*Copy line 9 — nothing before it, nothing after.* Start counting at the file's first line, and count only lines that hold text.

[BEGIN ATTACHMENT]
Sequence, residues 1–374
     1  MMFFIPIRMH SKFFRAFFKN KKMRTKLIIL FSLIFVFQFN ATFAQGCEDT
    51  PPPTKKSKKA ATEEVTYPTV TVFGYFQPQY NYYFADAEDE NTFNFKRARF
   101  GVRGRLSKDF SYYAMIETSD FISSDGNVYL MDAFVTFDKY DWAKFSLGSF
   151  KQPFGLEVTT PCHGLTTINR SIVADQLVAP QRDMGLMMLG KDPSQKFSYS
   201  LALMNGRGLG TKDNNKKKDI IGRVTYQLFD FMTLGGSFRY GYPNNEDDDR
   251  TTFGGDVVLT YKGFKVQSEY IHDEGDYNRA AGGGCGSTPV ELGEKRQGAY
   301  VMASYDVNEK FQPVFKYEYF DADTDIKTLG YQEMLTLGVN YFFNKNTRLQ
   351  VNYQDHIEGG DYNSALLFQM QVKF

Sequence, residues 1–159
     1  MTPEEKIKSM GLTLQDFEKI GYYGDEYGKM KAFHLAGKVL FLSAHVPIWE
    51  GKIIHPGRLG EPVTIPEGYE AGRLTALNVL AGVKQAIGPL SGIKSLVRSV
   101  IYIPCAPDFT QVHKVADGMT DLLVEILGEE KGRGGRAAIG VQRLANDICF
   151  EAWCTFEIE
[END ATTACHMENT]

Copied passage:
   351  VNYQDHIEGG DYNSALLFQM QVKF